The selection and representation of classification features in remote sensing image play crucial roles in image classification accuracy. To effectively improve the features classification accuracy, an improved U-Net remote sensing classification algorithm fusing attention and multiscale features is proposed in this paper, called spatial attention-atrous spatial pyramid pooling U-Net (SA-UNet). This framework connects atrous spatial pyramid pooling (ASPP) with the convolutional units of the encoder of the original U-Net in the form of residuals. The ASPP module expands the receptive field, integrates multiscale features in the network, and enhances the ability to express shallow features. Through the fusion residual module, shallow and deep features are deeply fused, and the characteristics of shallow and deep features are further used. The spatial attention mechanism is used to combine spatial with semantic information so that the decoder can recover more spatial information. In this study, the crop distribution in central Guangxi province was analyzed, and experiments were conducted based on Landsat 8 multispectral remote sensing images. The experimental results showed that the improved algorithm increases the classification accuracy, with the accuracy increasing from 93.33% to 96.25%, The segmentation accuracy of sugarcane, rice, and other land increased from 96.42%, 63.37%, and 88.43% to 98.01%, 83.21%, and 95.71%, respectively. The agricultural planting area results obtained by the proposed algorithm can be used as input data for regional ecological models, which is conducive to the development of accurate and real-time crop growth change models. Full article
(This article belongs to the Special Issue Remote Sensing for Mapping Farmland and Agricultural Infrastructure)
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21 pages, 5991 KiB  
Article
An Adaptive Image Segmentation Method with Automatic Selection of Optimal Scale for Extracting Cropland Parcels in Smallholder Farming Systems
by Zhiwen Cai, Qiong Hu, Xinyu Zhang, Jingya Yang, Haodong Wei, Zhen He, Qian Song, Cong Wang, Gaofei Yin and Baodong Xu
Remote Sens. 2022, 14(13), 3067; https://doi.org/10.3390/rs14133067 - 26 Jun 2022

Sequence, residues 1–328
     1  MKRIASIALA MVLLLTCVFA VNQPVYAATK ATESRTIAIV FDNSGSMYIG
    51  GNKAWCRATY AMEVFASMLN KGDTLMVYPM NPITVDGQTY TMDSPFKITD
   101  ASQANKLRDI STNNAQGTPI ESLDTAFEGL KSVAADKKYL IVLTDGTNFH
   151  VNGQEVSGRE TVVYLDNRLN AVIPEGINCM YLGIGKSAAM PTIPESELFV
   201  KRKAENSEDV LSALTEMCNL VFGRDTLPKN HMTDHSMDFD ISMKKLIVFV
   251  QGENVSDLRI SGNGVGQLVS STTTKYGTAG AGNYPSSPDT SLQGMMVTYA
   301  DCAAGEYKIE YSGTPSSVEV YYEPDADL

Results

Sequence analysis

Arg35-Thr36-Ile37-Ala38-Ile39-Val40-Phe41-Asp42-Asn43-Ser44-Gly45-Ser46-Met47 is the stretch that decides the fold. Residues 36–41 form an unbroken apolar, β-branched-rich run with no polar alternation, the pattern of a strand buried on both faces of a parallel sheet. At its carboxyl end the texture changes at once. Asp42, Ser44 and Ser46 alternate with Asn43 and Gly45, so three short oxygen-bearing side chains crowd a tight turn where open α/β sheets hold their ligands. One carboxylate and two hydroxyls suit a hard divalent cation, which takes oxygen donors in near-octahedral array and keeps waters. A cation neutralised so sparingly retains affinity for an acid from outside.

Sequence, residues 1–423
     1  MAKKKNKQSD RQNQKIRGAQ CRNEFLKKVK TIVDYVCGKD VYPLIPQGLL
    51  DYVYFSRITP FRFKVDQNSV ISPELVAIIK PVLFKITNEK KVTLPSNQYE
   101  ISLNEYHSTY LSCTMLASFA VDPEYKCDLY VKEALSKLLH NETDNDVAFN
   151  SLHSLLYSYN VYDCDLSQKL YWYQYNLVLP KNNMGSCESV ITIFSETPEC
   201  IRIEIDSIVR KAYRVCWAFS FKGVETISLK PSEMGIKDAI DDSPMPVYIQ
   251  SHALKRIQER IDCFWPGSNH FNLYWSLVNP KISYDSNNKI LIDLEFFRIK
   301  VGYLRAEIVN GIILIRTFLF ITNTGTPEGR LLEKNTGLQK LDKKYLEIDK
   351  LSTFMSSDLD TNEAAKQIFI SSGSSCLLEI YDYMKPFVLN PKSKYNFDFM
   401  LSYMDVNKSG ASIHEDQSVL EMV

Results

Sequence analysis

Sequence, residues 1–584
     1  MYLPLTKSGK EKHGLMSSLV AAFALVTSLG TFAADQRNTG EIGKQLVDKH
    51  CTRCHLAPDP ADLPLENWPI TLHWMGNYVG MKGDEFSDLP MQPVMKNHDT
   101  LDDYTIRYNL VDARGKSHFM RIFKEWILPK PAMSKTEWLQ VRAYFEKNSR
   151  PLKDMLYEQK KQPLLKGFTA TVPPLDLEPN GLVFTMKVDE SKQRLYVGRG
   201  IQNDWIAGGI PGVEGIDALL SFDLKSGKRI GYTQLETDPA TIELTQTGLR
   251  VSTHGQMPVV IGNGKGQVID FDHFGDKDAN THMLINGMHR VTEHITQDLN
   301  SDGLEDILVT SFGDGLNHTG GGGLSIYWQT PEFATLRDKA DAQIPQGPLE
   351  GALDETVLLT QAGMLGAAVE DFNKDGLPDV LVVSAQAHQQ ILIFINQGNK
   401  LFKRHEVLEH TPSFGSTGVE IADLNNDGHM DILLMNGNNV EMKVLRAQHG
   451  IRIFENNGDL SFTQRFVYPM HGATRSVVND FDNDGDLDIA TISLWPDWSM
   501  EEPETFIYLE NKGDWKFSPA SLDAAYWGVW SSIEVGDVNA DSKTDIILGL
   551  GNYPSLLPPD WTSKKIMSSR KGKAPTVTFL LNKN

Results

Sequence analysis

Cited by 15 | Viewed by 2579
Abstract
Reliable cropland parcel data are vital for agricultural monitoring, yield estimation, and agricultural intensification assessments. However, the inherently high landscape fragmentation and irregularly shaped cropland associated with smallholder farming systems restrict the accuracy of cropland parcels extraction. In this study, we proposed an [...] Read more.
Reliable cropland parcel data are vital for agricultural monitoring, yield estimation, and agricultural intensification assessments. However, the inherently high landscape fragmentation and irregularly shaped cropland associated with smallholder farming systems restrict the accuracy of cropland parcels extraction. In this study, we proposed an adaptive image segmentation method with the automated selection of optimal scale (MSAOS) to extract cropland parcels in heterogeneous agricultural landscapes. The MSAOS method includes three major components: (1) coarse segmentation to divide the whole images into homogenous and heterogeneous regions, (2) fine segmentation to determine the optimal segmentation scale based on average local variance function, and (3) region merging to merge and dissolve the over-segmented objects with small area. The potential cropland objects derived from MSAOS were combined with random forest to generate the final cropland parcels. The MSAOS method was evaluated over different agricultural regions in China, and derived results were assessed by benchmark cropland parcels interpreted from high-spatial resolution images. Results showed the texture features of Homogeneity and Entropy are the most important features for MSAOS to extract potential cropland parcels, with the highest separability index of 0.28 and 0.26, respectively. MSAOS-derived cropland parcels had high agreement with the reference dataset over eight tiles in Qichun county, with average F1 scores of 0.839 and 0.779 for the area-based classification evaluation (Fab) and object-based segmentation evaluation (Fob), respectively. The further evaluation of MSAOS on different tiles of four provinces exhibited the similar results (Fab = 0.857 and Fob = 0.775) with that on eight test tiles, suggesting the good transferability of the MSAOS over different agricultural regions. Furthermore, MSAOS outperformed other widely-used approaches in terms of the accuracy and integrity of the extracted cropland parcels. These results indicate the great potential of using MSAOS for image segmentation in conjunction with random forest classification to effectively extract cropland parcels in smallholder farming systems. Full article